Accessing Login Control's Button from Code-Behind

Discussion in 'ASP .Net' started by Jeff Lynch, Feb 24, 2006.

  1. Jeff Lynch

    Jeff Lynch Guest

    I'd like to add the following attributes to the Login control's Login Button
    to create a CSS rollover effect. How can I access the control's login button
    from the page's code-behind?

    LoginButton.Attributes.Add("onmouseover", "this.className =
    'buttonsmallover'");
    LoginButton.Attributes.Add("onmouseout", "this.className = 'buttonsmall'");
     
    Jeff Lynch, Feb 24, 2006
    #1
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  2. Hi Jeff,

    Welcome to the MSDN newsgroup.

    From your description, I understand you have an ASP.NET 2.0 page which uses
    the "LoginControl" and you're wondering how to get the reference to the
    login button on the "LoginControl" so as to do some
    customization(registering some client scripts), correct?

    Based on my research, the "LoginControl" doesn't provide buildin property
    for accessing the inner login button control. However, since the login
    button is created as one child control in the "LoginControl"'s composite
    control hierarchy, we can consider using the "Control.FindControl" to get
    the reference of the login button. Form the client-side html source of a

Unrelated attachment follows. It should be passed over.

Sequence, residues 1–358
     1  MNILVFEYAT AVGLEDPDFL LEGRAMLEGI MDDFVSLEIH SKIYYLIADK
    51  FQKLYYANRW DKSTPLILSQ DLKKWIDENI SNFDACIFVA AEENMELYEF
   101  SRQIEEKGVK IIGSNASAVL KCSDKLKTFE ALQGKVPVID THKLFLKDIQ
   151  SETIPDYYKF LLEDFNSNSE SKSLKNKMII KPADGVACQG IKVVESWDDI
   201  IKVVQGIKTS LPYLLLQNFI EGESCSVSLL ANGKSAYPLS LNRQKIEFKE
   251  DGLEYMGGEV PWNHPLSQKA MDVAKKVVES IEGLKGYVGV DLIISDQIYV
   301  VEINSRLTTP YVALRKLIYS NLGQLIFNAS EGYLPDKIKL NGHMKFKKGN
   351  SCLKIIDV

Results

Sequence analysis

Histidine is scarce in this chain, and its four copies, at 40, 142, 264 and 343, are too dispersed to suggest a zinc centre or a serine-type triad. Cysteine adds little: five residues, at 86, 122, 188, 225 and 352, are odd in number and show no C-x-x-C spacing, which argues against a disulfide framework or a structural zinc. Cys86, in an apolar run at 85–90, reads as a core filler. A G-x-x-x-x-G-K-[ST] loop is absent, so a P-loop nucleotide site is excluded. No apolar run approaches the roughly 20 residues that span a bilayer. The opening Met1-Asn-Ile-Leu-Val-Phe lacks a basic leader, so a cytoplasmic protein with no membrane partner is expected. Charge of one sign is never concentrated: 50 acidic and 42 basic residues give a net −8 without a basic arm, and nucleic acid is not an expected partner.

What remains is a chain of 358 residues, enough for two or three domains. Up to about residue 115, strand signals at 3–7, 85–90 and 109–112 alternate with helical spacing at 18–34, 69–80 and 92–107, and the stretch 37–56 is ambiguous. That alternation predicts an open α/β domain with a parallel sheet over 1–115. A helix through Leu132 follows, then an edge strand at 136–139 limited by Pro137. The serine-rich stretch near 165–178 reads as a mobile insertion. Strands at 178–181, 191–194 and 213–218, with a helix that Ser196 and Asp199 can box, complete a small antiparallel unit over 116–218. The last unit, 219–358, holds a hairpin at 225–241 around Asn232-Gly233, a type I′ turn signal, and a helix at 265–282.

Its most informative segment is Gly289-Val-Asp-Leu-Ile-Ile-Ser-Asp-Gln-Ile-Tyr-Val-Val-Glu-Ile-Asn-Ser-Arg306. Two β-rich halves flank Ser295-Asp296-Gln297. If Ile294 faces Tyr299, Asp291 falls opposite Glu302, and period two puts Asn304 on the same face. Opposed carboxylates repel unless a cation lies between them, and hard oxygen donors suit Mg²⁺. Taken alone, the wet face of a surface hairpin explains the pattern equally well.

test page containing login control, I find that the login button's id is
    always assigned with "LoginButton" and login button's direct parent
    NamingContainer is just the "LoginControl". Therefore, we can use the
    "LoginButton" as the control id to call the "FindControl" method. For
    example:

    ===============================
    protected void Page_Load(object sender, EventArgs e)
    {
    Control ctrl = Login1.FindControl("LoginButton");

    if (ctrl != null)
    {
    Button btn = (Button)ctrl;
    btn.Attributes.Add("onmouseout", "alert(this.name);");

    }
    else
    {
    Response.Write("<br/>Null");
    }

    }

    ===============================

    BTW, for such question on how to get a nested child control's reference in
    a certain composite control, the ASP.NET web page's output trace is a good
    helper. We can turn on the page's trace in the @Page directive so that the
    runtime will printout the page's control hierarchy at the bottom of the
    page's html content. e.g:

    <%@ Page Language="C#" AutoEventWireup="true" CodeFile="login.aspx.cs"
    Inherits="login" Trace="true" %>

    This can greatly ease our work on inspecting the page's control structure.

    Hope this helps.

    Regards,

    Steven Cheng
    Microsoft Online Support

    Get Secure! www.microsoft.com/security
    (This posting is provided "AS IS", with no warranties, and confers no
    rights.)
     
    Steven Cheng[MSFT], Feb 27, 2006
    #2
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